Many of the ideas exhibited at this stage are conceptual and aspirational in nature, and not developed in great detail. The intention is to invite public feedback, so that they can be developed further. The government has outlined five broad key ideas to rejuvenate Kallang River:

  1. Activate the waterfront, and enhance Kallang Basin as a sports and recreational venue. Active, Beautiful, Clean Waters (ABC Waters) projects will animate the waterfront. An idea that is being developed for implementation is an eventual stream, cascading waters and rain gardens between Bishan Road and Braddell Road. Meanwhile, more facilities are being studied at the area around the Sports Hub to strengthen its standing as an inclusive sports and recreational precinct. Sport Singapore, in collaboration with other agencies, will be transforming the area along Jalan Benaan Kapal into an inclusive community space that celebrates active living.
  2. Inject new waterfront housing developments in park-like settings and renew old industrial estates. Kampong Bugis and Kallang Distripark are primed for the development of quality green residential neighbourhoods. Home to smaller industrial estates, Kallang Industrial Estate has the potential to be renewed into a mixed-use precinct with new industrial developments. The Kampong Bugis project was announced by Minister Lawrence Wong in Parliament recently, and consultations with industry have already started.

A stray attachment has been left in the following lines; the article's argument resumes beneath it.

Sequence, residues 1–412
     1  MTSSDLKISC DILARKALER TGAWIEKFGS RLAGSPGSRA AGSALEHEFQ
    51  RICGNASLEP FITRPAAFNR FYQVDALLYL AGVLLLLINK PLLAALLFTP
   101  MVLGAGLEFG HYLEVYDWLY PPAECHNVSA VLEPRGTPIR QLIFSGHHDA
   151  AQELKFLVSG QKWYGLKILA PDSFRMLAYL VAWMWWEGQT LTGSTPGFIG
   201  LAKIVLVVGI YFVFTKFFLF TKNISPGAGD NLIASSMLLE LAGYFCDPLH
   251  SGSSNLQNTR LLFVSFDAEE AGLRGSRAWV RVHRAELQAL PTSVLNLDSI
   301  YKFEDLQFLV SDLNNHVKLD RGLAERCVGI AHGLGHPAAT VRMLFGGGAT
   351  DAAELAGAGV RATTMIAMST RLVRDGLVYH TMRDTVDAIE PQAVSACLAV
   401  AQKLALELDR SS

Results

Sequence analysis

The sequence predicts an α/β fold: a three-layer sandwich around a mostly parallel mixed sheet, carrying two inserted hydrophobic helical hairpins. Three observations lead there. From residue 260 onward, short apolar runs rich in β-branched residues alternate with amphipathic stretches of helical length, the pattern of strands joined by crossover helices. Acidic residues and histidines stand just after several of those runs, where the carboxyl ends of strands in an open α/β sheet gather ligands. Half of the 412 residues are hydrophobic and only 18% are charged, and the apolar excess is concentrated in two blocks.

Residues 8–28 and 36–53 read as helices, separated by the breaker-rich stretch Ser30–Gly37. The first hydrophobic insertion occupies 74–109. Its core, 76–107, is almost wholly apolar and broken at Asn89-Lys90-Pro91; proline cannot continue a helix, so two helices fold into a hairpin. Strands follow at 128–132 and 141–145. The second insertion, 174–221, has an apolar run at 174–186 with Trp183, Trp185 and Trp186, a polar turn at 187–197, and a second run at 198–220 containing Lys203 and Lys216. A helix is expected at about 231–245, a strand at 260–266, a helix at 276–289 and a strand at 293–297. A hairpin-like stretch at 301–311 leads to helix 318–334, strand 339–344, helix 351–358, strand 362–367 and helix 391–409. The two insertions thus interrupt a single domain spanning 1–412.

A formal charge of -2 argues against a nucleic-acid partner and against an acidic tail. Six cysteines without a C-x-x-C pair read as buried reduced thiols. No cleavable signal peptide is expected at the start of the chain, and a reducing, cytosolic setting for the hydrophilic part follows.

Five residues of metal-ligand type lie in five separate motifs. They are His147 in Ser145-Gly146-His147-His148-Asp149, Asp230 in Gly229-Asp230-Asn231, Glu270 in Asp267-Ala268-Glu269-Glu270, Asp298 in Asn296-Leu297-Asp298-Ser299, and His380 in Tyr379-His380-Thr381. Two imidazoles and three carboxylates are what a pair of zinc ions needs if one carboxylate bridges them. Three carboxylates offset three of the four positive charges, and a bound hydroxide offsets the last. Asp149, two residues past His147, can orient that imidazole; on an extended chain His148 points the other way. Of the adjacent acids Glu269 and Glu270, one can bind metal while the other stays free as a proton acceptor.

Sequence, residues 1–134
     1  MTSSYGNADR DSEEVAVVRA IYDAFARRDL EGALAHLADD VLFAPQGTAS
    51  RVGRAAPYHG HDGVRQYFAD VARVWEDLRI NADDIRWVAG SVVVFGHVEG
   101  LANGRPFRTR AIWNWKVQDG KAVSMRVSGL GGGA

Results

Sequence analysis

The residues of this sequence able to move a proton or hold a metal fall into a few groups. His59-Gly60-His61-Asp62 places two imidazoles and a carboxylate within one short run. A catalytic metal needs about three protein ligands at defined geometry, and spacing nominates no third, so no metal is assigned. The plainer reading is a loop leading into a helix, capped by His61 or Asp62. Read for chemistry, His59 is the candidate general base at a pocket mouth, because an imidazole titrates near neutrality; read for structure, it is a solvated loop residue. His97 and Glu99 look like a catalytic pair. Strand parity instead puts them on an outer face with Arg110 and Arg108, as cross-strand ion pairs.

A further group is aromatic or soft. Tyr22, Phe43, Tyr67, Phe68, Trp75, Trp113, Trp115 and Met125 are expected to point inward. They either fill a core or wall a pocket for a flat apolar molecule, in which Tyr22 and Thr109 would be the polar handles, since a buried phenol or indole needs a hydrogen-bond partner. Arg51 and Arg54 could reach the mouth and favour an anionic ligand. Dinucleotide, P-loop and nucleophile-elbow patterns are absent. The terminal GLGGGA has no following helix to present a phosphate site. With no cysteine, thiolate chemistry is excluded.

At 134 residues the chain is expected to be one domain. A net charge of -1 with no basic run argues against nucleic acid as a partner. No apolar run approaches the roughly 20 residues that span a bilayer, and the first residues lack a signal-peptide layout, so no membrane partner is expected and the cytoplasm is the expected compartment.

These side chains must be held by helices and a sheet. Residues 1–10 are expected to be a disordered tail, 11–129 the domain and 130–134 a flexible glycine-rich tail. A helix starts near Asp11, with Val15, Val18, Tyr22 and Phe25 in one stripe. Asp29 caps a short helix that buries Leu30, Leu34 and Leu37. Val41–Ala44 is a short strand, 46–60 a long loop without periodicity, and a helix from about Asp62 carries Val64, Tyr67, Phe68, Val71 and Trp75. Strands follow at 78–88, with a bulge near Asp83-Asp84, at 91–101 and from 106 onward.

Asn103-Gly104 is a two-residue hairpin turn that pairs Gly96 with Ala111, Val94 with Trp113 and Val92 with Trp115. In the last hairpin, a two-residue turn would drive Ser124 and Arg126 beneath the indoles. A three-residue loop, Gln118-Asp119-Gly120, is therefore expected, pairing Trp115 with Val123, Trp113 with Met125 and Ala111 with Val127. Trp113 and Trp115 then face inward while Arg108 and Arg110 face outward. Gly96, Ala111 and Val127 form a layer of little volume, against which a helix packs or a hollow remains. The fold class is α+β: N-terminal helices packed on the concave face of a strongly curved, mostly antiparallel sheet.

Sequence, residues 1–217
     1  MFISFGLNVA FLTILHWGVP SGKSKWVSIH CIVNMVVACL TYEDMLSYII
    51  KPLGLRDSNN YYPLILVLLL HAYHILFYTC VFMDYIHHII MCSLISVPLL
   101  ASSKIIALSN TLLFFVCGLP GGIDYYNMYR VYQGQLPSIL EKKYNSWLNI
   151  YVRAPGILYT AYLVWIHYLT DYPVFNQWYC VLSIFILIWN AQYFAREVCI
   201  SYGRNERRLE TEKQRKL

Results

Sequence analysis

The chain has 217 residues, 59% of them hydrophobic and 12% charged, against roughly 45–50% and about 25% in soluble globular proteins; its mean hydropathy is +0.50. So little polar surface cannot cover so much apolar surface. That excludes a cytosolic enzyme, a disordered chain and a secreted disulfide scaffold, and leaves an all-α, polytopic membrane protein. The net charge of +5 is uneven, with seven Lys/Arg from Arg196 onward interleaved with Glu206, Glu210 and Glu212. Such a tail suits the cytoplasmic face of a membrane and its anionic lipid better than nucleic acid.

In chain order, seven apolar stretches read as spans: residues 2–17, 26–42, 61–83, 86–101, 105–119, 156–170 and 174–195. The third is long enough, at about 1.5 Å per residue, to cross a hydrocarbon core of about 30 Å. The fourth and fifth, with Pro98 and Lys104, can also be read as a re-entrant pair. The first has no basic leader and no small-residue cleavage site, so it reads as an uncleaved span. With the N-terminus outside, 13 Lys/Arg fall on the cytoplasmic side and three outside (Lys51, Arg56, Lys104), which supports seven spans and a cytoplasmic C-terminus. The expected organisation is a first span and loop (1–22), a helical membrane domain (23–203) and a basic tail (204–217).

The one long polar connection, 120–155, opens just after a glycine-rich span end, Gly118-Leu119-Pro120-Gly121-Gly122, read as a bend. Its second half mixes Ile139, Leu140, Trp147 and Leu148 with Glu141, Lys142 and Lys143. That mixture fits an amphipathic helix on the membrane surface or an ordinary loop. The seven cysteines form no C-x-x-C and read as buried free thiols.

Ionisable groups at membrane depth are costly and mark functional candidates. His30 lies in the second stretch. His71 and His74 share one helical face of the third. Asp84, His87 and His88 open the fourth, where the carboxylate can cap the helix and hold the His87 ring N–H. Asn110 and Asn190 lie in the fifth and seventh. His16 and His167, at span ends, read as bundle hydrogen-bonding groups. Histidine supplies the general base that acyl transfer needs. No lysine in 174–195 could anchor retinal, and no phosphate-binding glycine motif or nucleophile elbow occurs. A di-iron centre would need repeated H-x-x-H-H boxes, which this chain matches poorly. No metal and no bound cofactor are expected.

3. Enhance accessibility by providing a seamless active mobility route along Kallang River between Bishan and the city centre. A seamless promenade along the Kallang River will have a key catalytic effect to spur developments around it. The exhibition will present some aspirational ideas to overcome major obstacles along the river bank, such as new underpasses and a cycling bridge across the Pan Island Expressway.
  4. Enrich the biodiversity of Kallang River. Current habitats along the river can be complemented with the naturalisation of more stretches of the waterway, and wider green setbacks, to allow biodiversity to flourish even more.
  5. Celebrate and incorporate the river’s rich heritage. The public will be invited to help capture the memories and heritage associated with the river to enrich future development plans.

Please see Annex A [PDF, 36kb] for detailed proposals to revitalise the river.

Public feedback for exhibited proposals

URA is calling on members of public to share their feedback on the proposals to revitalise Kallang River and Kallang Basin. URA will also be inviting grassroots and residents living along Kallang River and other stakeholders to the exhibition for their views. Members of public are also welcome to give their feedback online at ura.sg/kallangriver.

The ideas and proposals will be exhibited at The URA Centre Atrium from 29 Mar to 2 May, 9am to 6pm, Mondays to Fridays. Admission is free.

https://www.ura.gov.sg/uol/media-room/news/2017/Mar/pr17-23